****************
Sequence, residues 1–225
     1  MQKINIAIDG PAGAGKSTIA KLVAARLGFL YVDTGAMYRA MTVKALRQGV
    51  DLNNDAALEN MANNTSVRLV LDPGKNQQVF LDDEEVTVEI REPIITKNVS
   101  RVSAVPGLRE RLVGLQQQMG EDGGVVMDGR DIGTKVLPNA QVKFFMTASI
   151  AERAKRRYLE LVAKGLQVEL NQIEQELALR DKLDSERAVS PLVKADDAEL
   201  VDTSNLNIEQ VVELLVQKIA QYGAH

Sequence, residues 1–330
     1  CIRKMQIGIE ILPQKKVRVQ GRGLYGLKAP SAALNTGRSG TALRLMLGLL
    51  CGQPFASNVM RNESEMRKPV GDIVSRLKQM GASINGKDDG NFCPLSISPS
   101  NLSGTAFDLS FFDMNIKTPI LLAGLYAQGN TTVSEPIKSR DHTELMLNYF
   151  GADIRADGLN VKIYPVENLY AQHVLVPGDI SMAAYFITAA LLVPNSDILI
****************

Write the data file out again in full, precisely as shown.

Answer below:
Sequence, residues 1–225
     1  MQKINIAIDG PAGAGKSTIA KLVAARLGFL YVDTGAMYRA MTVKALRQGV
    51  DLNNDAALEN MANNTSVRLV LDPGKNQQVF LDDEEVTVEI REPIITKNVS
   101  RVSAVPGLRE RLVGLQQQMG EDGGVVMDGR DIGTKVLPNA QVKFFMTASI
   151  AERAKRRYLE LVAKGLQVEL NQIEQELALR DKLDSERAVS PLVKADDAEL
   201  VDTSNLNIEQ VVELLVQKIA QYGAH

Sequence, residues 1–330
     1  CIRKMQIGIE ILPQKKVRVQ GRGLYGLKAP SAALNTGRSG TALRLMLGLL
    51  CGQPFASNVM RNESEMRKPV GDIVSRLKQM GASINGKDDG NFCPLSISPS
   101  NLSGTAFDLS FFDMNIKTPI LLAGLYAQGN TTVSEPIKSR DHTELMLNYF
   151  GADIRADGLN VKIYPVENLY AQHVLVPGDI SMAAYFITAA LLVPNSDILI